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Miller likely to boot Kelly

June 24, 2005

Mayor Michael Bloomberg publicly begged Bernie Kerik to remain as police commissioner when Bloomberg ran for mayor in 2001. But it doesn't sound like City Council Speaker and mayoral candidate Gifford Miller would ask the same of Ray Kelly.

"Every mayor deserves to be able to choose his own police commissioner," Miller said in an interview with Newsday about his plans for the department should he be elected mayor.

Miller, one of four declared Democratic candidates, appeared to give only partial endorsement to what many see as Kelly's legacy - his fight against terrorism.

Saying he would keep the deputy commissioners of intelligence and counterterrorism - positions Kelly established - Miller hesitated on whether he would continue Kelly's policy of posting NYPD detectives overseas, a policy requiring private funding as it supersedes the City Charter and places the department in competition with the FBI in gathering intelligence. "I would want to review with my police commissioner, whoever it might be ... to make a determination at that time," he said.

Rather, Miller expanded on one of his own more publicized proposals - appointing a local director of homeland security or a terrorism czar. Jerry Hauer, who had a job of similar but more limited scope under former Mayor Rudolph Giuliani, appeared with Miller at a news conference earlier this week on the subject. The job would entail coordinating the police and fire response to a terrorist attack.

At a recent City Council hearing, Miller had criticized Bloomberg for allowing Kelly and the Police Department to usurp the role of the FDNY in certain emergencies.

"My director of homeland security would break a tie," he said.

Miller declined to say whom he might appoint police commissioner or whether his commissioner would come from inside the NYPD. And he acknowledged he was not close to any top police officials. But he added, "I am not saying I am not familiar with them."

Miller has avoided the political entanglement of Democratic front-runner Fernando Ferrer, who earlier this year said the fatal police shooting of the unarmed Amadou Diallo was "a tragedy, not a crime."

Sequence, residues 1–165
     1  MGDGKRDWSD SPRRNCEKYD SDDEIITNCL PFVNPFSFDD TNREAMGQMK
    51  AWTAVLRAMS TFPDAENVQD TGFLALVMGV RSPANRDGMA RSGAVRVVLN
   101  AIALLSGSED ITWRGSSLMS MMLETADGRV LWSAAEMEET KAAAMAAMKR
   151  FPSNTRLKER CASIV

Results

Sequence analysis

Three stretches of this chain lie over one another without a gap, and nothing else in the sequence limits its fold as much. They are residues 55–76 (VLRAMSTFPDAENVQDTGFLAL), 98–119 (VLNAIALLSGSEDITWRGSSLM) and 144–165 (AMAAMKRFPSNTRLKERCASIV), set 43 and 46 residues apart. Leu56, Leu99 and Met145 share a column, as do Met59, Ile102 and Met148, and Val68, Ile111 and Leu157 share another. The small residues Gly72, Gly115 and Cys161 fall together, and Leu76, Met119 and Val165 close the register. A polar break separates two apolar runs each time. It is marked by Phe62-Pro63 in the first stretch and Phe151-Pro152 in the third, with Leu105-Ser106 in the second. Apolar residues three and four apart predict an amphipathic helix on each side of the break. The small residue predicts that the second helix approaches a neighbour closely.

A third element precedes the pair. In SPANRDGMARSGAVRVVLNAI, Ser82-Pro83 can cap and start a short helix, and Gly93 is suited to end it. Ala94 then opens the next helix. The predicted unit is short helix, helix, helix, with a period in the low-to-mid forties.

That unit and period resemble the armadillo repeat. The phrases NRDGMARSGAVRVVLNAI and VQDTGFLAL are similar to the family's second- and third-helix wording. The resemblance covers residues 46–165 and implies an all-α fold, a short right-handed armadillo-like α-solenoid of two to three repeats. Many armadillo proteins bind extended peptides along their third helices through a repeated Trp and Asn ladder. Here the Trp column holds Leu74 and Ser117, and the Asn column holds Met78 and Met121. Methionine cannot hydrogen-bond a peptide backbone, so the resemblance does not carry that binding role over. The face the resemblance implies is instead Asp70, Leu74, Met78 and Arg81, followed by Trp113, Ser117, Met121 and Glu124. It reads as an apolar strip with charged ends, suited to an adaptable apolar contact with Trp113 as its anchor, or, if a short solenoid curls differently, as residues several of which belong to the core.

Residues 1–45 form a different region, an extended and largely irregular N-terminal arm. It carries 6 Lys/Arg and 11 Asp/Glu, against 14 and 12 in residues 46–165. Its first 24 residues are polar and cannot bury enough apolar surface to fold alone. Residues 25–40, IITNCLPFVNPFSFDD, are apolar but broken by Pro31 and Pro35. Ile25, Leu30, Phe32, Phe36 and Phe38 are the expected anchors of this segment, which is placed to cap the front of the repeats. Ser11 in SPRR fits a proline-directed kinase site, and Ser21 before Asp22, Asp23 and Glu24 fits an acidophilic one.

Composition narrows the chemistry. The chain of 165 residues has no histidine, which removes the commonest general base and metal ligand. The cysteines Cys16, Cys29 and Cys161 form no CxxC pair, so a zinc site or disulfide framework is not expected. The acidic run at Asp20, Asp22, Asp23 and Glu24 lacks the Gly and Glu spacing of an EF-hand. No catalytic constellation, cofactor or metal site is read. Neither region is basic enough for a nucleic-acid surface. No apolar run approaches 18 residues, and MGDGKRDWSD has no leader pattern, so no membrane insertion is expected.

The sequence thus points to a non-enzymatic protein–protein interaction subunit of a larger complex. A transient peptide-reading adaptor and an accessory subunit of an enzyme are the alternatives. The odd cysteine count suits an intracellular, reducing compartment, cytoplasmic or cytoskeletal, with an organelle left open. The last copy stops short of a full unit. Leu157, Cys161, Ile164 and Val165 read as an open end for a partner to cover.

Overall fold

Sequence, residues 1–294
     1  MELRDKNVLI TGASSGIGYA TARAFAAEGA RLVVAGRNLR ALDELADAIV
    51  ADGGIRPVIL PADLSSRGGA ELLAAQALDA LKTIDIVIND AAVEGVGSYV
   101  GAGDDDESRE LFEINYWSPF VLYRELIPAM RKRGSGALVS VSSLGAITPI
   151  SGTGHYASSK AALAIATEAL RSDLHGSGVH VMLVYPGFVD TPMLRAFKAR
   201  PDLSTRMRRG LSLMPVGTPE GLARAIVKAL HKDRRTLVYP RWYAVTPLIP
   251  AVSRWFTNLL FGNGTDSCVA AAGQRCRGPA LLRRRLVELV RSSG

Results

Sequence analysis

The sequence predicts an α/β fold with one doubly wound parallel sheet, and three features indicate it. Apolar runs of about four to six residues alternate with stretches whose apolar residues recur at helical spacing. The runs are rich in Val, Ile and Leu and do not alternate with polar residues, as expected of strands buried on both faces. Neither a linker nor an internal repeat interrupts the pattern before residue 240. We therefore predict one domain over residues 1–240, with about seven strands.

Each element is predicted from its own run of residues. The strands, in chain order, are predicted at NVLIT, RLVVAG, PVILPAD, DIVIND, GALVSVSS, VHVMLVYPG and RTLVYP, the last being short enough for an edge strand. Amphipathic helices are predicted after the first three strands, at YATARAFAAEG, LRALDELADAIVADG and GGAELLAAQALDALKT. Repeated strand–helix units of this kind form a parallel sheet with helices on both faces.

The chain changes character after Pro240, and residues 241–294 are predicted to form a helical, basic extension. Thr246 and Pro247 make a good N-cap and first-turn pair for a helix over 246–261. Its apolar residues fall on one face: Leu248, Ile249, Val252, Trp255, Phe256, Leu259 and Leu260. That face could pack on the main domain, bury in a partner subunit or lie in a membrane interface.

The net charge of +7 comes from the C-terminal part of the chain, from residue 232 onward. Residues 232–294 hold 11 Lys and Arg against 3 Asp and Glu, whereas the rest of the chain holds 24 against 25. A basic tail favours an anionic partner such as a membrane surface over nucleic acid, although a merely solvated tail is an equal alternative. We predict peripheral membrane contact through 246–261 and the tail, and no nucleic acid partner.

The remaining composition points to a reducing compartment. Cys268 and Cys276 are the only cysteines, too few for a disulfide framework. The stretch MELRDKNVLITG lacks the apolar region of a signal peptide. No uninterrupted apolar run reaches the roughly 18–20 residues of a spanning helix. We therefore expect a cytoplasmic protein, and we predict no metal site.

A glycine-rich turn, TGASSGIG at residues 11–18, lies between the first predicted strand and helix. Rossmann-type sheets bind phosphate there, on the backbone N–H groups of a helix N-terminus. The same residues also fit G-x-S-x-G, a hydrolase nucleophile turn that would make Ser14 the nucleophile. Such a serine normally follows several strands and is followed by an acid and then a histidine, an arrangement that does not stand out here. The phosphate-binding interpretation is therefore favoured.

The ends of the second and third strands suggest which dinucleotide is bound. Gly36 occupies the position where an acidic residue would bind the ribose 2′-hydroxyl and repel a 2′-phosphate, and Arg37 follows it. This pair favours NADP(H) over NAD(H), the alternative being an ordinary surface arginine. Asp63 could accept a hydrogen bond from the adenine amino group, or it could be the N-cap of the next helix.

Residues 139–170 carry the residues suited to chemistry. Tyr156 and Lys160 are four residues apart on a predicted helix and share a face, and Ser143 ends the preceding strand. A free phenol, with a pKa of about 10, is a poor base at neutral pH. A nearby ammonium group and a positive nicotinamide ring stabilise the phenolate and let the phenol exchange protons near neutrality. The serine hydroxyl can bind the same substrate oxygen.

"Anytime an innocent life is lost," Miller said, "it is a crime against humanity." But sounding like Ferrer, he added, "My purpose is not to re-live the case but to move forward."

Ill Bill. Former Chief of Detectives William Allee has become the first known top police official to obtain a line-of-duty, tax-free disability pension from the World Trade Center attack.

Allee, who was at Ground Zero when the towers fell, was awarded his disability for hearing loss.

Police sources say Allee had previously been rejected for disability pensions involving heart and lung problems. A former department official and friend of his pointed out that Allee had been hospitalized after his retirement in 2003 with heart issues.

Allee's claim of hearing loss is reminiscent of that of former Chief of Department Robert Johnston, who in 1991 obtained a similar line-of-duty disability pension, stemming from what he claimed were exploding shells at a Rolling Stones concert he had supervised two years before.

An investigation of top brass pension abuse in 1993 by New York Newsday revealed that none of the three cops with Johnston at the concert suffered hearing loss. Newsday's investigation further revealed that the department lacked a definitive assessment of Johnson's hearing ability before the concert and that records indicated doctors were uncertain if other factors, including age, contributed to the hearing loss. Johnston was 62 when granted the pension.

After the Newsday investigation, the department tightened its line-of-duty pension requirements for the next decade under Giuliani. But the Bloomberg administration has shown little concern. Bloomberg's representative on the police pension board reversed the Giuliani administration position to support the questionable disability claim of former Chief of Personnel Michael Markman, who claimed a back injury a decade previous to his retirement. Others on the board, which is composed of city and police union officials, denied the pension.

A spokesman for the Police Department said it would contact the 63-year-old Allee, but no comment from him was received. So far as is known, no other police officer has been granted a disability pension for hearing loss at Ground Zero.

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© 2005 Newsday, Inc. Reprinted with permission.